In one of my past columns, I wrote about the experiences I endured as an Asian American with a Chinese name. Here, I concede: Just as much as I have struggled due to my Asian identity, I have benefited from the stereotype of being a model minority and a good, quiet Asian girl. As such, I hesitated before penning this column. I cannot claim any real understanding of what black people endure as a result of their skin color. I am far from an activist — my attempts to engage race and racism amount to a few conversations, some books, a couple classes and a school club. Most of all, I felt, and continuously feel, that I have not adequately educated myself nor done enough where I can easily post on social media or write a column about black inequality.
The second story that stuck with me, from a black student from my high school, spoke to exactly that. The post criticized people for posting all over their stories (and in my case, writing this column) without actually doing anything. I thought back to a piece by one of my fellow columnists, Sidney Malia Waite, in which she expresses how her surprise at one of her white friends’ reposts of Ahmaud Arbery illustrates just how low the bar is set for non-black people. Perhaps, the bar was rising.
But, when I exhausted all of the stories and returned to my feed, all the photos, the links to resources and the calls to action vanished. Instead they were replaced by graduation photos, my friends’ quarantine baking creations and more graduation photos. Most of the people I follow are my predominantly Asian and white friends, and as of my writing of this column, I counted only three posts in my feed about racial inequality from the past week. The bar has not moved very far.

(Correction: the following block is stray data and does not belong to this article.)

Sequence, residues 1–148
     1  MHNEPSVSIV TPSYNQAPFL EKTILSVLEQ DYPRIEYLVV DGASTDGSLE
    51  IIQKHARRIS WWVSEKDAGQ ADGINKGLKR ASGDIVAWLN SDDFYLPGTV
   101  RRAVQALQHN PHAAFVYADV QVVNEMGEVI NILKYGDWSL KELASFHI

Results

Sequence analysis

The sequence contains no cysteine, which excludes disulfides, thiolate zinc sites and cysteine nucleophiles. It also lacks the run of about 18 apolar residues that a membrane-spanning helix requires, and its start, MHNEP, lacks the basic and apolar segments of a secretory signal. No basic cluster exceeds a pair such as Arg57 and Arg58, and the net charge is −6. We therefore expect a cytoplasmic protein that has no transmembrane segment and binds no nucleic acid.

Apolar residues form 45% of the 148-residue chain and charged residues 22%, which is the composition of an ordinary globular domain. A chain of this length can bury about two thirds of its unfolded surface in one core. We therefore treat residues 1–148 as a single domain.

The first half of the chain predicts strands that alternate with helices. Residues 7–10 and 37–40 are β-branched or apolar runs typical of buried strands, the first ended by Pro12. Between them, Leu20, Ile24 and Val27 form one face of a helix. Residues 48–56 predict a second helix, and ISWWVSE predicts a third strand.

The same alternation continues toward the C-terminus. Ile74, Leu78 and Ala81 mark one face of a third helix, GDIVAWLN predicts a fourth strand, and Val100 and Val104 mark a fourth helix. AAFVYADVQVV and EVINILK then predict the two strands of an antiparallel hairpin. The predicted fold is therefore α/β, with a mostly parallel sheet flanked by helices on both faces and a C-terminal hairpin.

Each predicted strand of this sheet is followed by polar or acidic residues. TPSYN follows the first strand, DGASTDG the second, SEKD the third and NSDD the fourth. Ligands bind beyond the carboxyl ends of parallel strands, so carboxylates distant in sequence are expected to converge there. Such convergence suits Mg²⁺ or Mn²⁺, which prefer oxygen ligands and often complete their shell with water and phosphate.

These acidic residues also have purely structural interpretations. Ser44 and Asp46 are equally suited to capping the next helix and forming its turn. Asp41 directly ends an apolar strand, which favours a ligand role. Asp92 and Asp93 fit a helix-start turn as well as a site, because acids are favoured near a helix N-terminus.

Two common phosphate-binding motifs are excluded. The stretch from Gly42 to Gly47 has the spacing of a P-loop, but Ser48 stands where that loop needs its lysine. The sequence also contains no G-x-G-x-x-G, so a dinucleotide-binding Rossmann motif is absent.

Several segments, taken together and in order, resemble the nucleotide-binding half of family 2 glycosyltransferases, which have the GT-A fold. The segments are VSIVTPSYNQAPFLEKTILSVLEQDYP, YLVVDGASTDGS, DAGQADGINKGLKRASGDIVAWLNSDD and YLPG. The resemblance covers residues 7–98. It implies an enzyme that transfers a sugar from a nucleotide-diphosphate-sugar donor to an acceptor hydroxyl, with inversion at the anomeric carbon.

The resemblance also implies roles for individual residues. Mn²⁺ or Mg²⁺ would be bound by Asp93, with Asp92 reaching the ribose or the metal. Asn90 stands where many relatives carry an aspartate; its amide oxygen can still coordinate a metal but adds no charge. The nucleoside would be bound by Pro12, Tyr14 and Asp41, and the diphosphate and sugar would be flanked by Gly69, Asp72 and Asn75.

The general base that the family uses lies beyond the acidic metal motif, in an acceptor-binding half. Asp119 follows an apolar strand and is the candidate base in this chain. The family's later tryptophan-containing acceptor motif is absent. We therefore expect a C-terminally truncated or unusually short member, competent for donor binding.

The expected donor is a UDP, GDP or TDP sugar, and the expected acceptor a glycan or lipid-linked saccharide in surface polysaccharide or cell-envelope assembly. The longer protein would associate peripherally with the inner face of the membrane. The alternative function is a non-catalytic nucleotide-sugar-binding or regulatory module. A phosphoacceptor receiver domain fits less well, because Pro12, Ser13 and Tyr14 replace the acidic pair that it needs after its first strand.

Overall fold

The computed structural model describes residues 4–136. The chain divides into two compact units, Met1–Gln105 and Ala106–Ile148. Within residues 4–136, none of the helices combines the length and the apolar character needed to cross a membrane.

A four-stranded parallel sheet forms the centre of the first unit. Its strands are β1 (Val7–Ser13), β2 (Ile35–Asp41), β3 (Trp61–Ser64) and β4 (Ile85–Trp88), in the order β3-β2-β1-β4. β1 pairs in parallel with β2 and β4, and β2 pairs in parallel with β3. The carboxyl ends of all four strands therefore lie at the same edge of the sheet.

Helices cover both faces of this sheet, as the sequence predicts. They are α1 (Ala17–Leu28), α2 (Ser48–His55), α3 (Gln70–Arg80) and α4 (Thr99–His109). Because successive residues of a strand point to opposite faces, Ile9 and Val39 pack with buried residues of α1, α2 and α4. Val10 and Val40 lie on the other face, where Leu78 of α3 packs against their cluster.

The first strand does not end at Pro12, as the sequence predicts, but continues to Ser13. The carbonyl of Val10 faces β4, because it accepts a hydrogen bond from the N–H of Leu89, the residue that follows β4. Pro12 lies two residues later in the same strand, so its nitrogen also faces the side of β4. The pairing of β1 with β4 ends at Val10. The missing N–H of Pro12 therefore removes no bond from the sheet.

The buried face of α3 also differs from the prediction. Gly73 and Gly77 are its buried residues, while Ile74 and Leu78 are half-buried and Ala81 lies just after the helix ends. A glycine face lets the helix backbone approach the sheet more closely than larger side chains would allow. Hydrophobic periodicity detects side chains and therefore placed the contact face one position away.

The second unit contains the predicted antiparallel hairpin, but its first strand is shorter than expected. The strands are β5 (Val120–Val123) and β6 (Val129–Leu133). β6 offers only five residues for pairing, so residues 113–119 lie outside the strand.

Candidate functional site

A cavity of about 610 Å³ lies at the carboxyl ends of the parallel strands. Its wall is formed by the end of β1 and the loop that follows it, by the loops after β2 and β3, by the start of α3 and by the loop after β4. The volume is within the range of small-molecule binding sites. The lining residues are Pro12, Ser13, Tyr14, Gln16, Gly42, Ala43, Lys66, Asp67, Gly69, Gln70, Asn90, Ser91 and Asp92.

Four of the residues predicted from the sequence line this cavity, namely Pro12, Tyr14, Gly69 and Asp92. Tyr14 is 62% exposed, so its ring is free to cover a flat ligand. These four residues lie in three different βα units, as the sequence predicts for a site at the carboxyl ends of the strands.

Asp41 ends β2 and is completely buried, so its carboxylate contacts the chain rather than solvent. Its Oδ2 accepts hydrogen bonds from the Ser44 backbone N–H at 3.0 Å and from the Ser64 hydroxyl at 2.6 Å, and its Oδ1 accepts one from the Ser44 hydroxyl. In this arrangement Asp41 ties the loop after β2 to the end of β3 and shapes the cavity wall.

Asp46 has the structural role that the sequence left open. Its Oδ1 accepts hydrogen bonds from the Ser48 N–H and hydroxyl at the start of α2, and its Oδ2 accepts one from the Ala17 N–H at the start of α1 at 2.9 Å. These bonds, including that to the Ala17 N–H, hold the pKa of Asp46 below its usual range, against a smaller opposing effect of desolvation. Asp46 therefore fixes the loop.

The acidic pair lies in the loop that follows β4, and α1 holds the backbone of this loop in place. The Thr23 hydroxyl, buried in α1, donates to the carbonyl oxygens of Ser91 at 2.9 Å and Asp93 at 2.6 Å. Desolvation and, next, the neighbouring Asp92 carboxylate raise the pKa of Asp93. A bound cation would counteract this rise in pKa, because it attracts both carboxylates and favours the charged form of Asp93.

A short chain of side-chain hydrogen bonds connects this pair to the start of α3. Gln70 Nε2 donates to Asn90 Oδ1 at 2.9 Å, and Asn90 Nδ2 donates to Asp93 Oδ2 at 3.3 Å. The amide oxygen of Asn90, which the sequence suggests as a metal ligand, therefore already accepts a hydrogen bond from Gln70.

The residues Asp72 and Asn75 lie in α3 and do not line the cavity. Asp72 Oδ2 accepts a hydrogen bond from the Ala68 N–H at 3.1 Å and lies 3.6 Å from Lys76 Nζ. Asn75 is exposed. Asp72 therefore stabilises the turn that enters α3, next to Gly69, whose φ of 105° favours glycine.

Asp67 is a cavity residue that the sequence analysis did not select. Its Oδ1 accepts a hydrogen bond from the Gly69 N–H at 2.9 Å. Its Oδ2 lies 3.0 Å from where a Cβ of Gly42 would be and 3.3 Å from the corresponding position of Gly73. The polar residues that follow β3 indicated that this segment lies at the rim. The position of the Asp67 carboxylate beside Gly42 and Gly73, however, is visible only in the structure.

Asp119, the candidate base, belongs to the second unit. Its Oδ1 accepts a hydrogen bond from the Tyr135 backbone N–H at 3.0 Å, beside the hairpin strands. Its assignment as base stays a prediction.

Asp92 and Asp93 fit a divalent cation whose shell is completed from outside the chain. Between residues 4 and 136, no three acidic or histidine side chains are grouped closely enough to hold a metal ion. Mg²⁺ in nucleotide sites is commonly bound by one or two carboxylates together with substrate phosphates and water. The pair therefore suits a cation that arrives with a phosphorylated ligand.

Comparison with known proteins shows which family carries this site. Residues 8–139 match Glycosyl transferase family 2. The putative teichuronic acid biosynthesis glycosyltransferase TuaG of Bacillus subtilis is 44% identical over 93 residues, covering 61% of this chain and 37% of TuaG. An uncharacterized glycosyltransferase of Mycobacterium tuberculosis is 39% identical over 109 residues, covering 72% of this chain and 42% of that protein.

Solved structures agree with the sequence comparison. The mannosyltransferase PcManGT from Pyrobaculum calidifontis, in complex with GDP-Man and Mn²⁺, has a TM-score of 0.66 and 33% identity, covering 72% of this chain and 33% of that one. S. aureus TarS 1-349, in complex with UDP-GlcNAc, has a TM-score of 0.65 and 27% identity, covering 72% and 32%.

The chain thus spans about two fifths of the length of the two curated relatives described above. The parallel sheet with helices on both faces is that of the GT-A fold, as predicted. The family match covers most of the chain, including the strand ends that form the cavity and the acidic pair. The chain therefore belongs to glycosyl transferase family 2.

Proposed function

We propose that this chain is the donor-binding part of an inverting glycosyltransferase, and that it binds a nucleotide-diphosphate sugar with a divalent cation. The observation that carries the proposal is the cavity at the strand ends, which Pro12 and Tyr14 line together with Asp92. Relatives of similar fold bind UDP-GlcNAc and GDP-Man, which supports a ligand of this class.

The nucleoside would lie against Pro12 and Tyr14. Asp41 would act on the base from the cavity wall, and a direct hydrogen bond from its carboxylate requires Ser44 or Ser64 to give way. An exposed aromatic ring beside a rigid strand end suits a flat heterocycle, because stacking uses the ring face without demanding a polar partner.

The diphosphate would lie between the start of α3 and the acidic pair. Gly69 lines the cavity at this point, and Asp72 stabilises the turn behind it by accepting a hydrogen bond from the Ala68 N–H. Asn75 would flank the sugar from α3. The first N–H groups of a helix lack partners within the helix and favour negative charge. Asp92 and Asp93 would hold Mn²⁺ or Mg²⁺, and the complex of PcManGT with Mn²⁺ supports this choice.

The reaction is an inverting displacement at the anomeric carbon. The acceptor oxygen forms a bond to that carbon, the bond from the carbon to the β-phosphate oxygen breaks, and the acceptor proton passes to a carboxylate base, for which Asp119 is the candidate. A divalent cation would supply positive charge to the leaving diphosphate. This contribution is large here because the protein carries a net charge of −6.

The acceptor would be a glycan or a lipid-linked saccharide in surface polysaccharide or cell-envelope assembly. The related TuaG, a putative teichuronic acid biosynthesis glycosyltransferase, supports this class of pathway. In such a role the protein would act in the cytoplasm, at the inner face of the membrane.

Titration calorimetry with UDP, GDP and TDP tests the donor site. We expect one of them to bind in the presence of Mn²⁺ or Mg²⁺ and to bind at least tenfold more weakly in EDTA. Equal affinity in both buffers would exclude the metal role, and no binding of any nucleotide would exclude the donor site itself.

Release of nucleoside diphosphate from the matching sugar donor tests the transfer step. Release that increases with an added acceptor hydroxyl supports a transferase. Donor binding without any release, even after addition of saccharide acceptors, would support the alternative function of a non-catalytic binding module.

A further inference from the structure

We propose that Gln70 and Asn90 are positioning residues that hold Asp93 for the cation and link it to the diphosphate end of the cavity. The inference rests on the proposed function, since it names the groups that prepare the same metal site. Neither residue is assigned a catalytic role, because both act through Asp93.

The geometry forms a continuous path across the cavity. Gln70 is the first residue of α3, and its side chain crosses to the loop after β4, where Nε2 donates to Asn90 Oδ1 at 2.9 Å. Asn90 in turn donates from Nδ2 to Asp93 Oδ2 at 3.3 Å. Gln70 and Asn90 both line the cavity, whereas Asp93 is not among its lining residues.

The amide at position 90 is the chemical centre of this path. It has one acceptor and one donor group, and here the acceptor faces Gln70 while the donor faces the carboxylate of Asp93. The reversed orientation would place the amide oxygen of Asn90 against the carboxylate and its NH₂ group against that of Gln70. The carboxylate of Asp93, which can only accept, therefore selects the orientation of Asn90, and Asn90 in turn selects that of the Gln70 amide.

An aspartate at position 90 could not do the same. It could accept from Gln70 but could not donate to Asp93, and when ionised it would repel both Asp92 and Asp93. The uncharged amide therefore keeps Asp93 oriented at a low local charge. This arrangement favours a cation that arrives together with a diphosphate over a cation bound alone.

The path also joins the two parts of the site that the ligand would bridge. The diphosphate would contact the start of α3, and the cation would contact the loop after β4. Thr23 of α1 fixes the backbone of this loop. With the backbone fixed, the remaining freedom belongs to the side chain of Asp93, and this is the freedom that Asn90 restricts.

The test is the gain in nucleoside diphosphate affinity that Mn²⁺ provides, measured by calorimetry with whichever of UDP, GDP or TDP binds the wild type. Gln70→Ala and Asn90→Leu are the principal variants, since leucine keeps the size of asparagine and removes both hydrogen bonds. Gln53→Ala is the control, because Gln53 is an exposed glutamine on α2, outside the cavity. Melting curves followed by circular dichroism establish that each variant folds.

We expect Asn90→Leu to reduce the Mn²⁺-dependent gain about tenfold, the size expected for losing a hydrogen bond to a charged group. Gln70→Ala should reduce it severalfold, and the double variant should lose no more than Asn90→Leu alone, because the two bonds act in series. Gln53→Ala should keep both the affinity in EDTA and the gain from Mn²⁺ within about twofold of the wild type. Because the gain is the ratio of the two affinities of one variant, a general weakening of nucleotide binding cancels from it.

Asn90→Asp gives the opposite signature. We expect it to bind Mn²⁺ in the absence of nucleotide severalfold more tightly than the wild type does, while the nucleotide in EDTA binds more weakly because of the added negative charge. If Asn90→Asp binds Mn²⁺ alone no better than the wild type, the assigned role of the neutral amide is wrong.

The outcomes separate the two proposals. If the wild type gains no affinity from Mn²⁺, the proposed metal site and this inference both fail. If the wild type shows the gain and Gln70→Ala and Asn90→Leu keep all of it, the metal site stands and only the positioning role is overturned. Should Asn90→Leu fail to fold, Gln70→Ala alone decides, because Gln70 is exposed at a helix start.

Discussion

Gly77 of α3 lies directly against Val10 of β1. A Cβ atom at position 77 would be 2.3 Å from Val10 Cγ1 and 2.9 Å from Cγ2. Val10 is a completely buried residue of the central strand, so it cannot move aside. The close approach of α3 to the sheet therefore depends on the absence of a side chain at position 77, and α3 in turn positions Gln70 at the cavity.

I can’t help feeling that my Instagram feed represents the reality of the situation—that for most non-blacks, myself included, supporting the protests is still a compartmentalized and transient investment, as it has been historically. That, like the Instagram stories themselves, there is already an expiration date on our engagement. If we are so passionately calling for permanent change in our posts, shouldn’t the posts themselves at least be permanent?
The people that made those permanent posts were not black, but they were people who constantly engage with issues of racism. And there certainly are people sharing important messages to their stories who do consistently work towards racial equity. But writing your own personal post or story requires a level of thought and reflection that reposting or donating money does not.
The reality is many of us have not left our comfort zones. We are not bigots nor policemen, but we are complicit. Our self-examination is occasional, surface-level, and tinged with a sense of self-righteousness. Our investment has failed to transcend its temporariness into the discomfort of permanence—and we remain in a space that continuously tolerates the racism of the Lambda brothers from NYU, at Cornell, in our own communities and in ourselves. But we can reflect, be uncomfortable and change.
Lei Lei Wu is a junior in the College of Agriculture and Life Sciences. She can be reached at firstname.lastname@example.org. This is the first installment of Get Lei’d, and the column will run alternate Mondays this semester.